Lillian Orlowsky

Lillian Orlowsky
(1914- 2004)

Freed-Orlowsky

 

Education
Educational Alliance Art School, New York, 1932–1933
National Academy of Design, New York, 1933–1934
American Artist School (Raphael and Moses Soyer, Anton Refrigier),
New York, 1935–1936
Hans Hofmann School of Fine Art, New York and Provincetown, MA, 1937–1947

Selected Exhibitions
New York World’s Fair, New York, 1939
Milch Gallery, New York
ACA Gallery, New York, 1940–1942
Educational Alliance Alumni, Educational Alliance, New York,1945, 1946
Provincetown Art Association and Museum (PAAM), Provincetown, MA, 1950–1991
HCE Gallery, Provincetown, MA, 1951–1955
Burliuk Gallery, New York,1952
Gallery Artists, James Gallery, New York,1952–1962
Fine Arts Gallery, Atlanta, GA, 1953
James Gallery, New York,1955
James Gallery, New York,1959
Stuttman Gallery, Provincetown, MA; New York, NY; Washington, DC, 1956–1960
James Gallery, New York,1960
James Gallery, New York,1962
Gallery Artists, Tirca Karlis Gallery, Provincetown, MA, 1962–1976
“Works Progress Administration (WPA), Then and Now.” Parsons School of Design, New York, 1977
“The Co-ops of the Fifties.” Parsons School of Design, New York, 1977“Days Lumberyard Studios: Provincetown 1914–1971.”
PAAM, Provincetown, MA, 1978
“Hans Hofmann and His Students.” Metropolitan Museum of Art, New York, 1979
PAAM, Provincetown, MA, 1980
Goddard College, Plainfield, VT
Adelphi College, NY, 1980
Lenore Ross Gallery, Provincetown, MA
Hofstra College, Long Island, NY, 1981
Ingber Gallery, New York, NY
“WPA Artists.” Hofstra College, Long Island, NY, 1983
“WPA Artists: Fiftieth Anniversary.” City Gallery of New York,
New York, 1984
Provincetown Artists Gallery, Provincetown, MA
Dennis DeBerry Gallery, Provincetown, MA, 1985
“The Gathering of the Avante-Garde: The Lower East Side 1950–1970.” Kenkelebra House, New York, NY, 1985
Selected Works. National Council on Aging, Washington, DC
“The Assembled Image: An Exhibition of Collage and Construction.” (Curators: Jim Forsberg and Paul Bowen), PAAM, Provincetown, MA, 1989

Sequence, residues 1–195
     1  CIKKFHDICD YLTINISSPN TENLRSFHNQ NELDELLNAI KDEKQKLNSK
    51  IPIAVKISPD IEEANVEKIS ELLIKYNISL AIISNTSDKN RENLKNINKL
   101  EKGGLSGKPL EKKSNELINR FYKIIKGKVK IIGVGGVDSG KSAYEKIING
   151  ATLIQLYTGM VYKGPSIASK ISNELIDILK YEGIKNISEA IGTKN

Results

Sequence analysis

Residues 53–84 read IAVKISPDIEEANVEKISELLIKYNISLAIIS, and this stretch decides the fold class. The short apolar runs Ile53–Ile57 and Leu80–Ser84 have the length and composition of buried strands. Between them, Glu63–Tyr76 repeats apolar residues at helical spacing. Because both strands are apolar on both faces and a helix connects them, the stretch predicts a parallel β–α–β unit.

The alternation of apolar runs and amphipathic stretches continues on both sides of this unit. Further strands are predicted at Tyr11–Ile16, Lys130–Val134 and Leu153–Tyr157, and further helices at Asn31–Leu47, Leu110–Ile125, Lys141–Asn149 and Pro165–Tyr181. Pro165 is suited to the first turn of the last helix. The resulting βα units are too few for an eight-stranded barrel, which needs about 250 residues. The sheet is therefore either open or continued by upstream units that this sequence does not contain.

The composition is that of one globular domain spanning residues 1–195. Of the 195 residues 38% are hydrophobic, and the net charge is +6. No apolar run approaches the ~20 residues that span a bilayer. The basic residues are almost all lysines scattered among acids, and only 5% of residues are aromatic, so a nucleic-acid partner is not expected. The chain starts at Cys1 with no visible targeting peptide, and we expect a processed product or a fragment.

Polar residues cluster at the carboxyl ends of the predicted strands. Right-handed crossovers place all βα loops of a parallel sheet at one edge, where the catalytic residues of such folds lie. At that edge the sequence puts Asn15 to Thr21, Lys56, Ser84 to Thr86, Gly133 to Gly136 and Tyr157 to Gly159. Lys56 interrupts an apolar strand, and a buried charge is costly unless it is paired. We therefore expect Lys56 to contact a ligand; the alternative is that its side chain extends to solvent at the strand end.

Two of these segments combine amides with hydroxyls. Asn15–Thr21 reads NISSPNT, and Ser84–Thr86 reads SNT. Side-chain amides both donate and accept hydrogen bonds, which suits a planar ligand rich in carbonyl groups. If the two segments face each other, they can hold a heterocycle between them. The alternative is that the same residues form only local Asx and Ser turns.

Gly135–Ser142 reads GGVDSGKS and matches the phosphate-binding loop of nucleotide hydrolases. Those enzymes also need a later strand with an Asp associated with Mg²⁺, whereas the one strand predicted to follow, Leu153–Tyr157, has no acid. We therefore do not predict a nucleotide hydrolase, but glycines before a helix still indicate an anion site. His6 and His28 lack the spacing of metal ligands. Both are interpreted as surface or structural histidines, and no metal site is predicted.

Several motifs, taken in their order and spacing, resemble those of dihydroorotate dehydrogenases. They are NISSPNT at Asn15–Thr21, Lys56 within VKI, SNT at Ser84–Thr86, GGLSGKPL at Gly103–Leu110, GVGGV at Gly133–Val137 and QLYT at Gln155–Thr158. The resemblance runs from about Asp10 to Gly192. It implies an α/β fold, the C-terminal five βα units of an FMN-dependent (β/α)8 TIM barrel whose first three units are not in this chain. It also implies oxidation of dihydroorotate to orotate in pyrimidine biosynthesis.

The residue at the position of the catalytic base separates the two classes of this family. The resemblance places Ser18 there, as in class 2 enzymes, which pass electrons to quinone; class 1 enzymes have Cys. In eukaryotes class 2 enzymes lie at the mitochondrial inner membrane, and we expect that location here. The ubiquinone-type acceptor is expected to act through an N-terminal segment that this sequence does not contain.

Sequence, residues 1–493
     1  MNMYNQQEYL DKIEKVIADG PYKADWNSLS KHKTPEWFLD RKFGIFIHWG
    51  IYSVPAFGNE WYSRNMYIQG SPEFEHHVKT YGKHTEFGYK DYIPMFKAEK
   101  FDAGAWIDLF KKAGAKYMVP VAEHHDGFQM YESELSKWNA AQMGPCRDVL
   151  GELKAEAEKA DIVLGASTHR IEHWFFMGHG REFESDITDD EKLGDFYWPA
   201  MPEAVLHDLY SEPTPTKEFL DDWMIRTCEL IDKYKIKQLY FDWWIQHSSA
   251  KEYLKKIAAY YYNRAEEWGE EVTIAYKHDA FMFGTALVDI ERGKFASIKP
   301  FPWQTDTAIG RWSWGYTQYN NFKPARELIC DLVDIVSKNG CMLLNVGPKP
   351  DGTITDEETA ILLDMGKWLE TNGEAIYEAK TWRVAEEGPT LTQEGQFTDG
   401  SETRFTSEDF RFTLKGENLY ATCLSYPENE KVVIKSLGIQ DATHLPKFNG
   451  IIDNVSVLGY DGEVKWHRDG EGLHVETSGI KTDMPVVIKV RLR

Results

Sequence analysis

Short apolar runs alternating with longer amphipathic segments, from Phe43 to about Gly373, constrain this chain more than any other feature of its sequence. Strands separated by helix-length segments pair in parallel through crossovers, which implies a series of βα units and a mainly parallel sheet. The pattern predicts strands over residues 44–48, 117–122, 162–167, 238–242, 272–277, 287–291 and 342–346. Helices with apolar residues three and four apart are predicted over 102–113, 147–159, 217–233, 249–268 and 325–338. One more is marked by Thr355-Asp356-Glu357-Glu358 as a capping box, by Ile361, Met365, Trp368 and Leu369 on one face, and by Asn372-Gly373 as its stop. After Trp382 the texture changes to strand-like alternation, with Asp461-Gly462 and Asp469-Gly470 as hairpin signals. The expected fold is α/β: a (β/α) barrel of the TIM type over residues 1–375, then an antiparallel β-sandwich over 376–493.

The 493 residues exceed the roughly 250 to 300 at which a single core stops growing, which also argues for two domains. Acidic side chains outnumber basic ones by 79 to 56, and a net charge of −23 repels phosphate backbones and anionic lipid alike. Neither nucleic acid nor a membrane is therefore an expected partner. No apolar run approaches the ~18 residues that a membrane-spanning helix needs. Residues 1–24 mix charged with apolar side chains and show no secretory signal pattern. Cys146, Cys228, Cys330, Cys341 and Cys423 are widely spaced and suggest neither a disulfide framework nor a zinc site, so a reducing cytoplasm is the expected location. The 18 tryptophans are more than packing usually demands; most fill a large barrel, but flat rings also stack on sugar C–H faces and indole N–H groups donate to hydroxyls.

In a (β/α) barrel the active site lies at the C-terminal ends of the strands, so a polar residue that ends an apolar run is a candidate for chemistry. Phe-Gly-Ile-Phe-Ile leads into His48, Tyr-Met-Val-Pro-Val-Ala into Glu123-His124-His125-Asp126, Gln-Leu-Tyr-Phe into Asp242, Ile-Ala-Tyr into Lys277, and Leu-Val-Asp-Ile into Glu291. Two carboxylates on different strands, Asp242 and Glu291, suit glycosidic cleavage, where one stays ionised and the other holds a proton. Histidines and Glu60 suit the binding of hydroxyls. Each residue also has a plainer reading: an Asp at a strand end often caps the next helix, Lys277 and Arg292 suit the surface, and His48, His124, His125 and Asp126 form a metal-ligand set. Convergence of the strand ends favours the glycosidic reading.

“The Artist’s Eye.” (Curator: Peter Hutchinson), PAAM, Provincetown, MA
“WPA Artists.” New Brunswick College, NJ
“The Provocative Years, 1935–1945: Hans Hofmann and His Students in Provincetown.” PAAM, Provincetown, MA,1990
“The Artist’s Eye.” (Curator: Jim Lechay), PAAM, Provincetown, MA, 1991
Cape Museum of Fine Arts, Dennis, MA, 1992
“USA on Paper.” City Gallery, Copenhagen, Denmark, 1993
Gallery Artists, Gallery Zhouf, Wellfleet, MA
Vernissage Le Samedi, Nimes, Uzes, France
Gallery K + B, Prague, Czech Republic
Cherrystone Gallery, Wellfleet, MA
Selected Works. Office de la Culture D’Uzes, Nimes, France, 1994
Gallery A, Most, Czech Republic
“Provincetown Abstract Painting 1915–1950; From the Collection of Penny and Elton Yasuna.” PAAM, Provincetown, MA
“New York: Provincetown – A ‘50s Connection.” PAAM, Provincetown, MA
PAAM, Provincetown, MA, 1995
Cherrystone Gallery, Wellfleet, MA
Cortland Jessup Gallery, Provincetown, MA
“Provincetown Then and Now.” St. Botolph Club, Boston, MA, 1998
Virginia Polytechnic Institute and State University, Blacksburg, VA (solo exhibition)
“The Art Colony (First Century).” PAAM, Provincetown, MA
National Arts Club, New York City, NY, 2000
School House Gallery, Provincetown, MA (solo exhibition)
Cherrystone Gallery, Wellfleet, MA, 2001
Cherrystone Gallery, Wellfleet, MA (solo exhibition)
“Lillian Orlowsky: Early Masterworks” ACME Fine Art, Boston (solo) 2002
“A Lifetime of Art” Beauregard Fine Art, Rumson, NJ (solo)
“Provincetown Women Artists” ACME Fine Art, Boston, MA
“Provincetown Painters” ACME Fine Art, Boston, MA
“Summer Salon” ACME Fine Art, Boston, MA
“A Community of Artists: The Collection of the Provincetown Art Association and Museum” (traveling exhibition) Philharmonic Center for the Arts, Naples, FL, 2002-2005
Gustavus Adolphus College, St Peter, MN
Price Tower Arts Center, Inc. Bartlesville, OK
Palmer Museum of Art, University Park, PA
St. John’s Museum of Art, Wilmington, NC
Springfield Museum of Art, Springfield, OH
Muskegon Museum of Art, Muskegon, MI
Mitchell Art Gallery, Annapolis, MD
2003 “Lillian Orlowsky” Beauregard Fine Art, Rumson, NJ (solo)
“The New York School” ACME Fine Art, Boston, MA
“Lillian Orlowsky: The Fifties” ACME Fine Art, Boston, MA (solo)
“Provincetown Painters” ACME Fine Art, Boston, MA
“Summer Salon” ACME Fine Art, Boston, MA
“From the Collection: Hans Hofmann Students” Cape Cod Museum of Art, Dennis, MA, 2004
“Summer Salon” ACME Fine Art, Boston, MA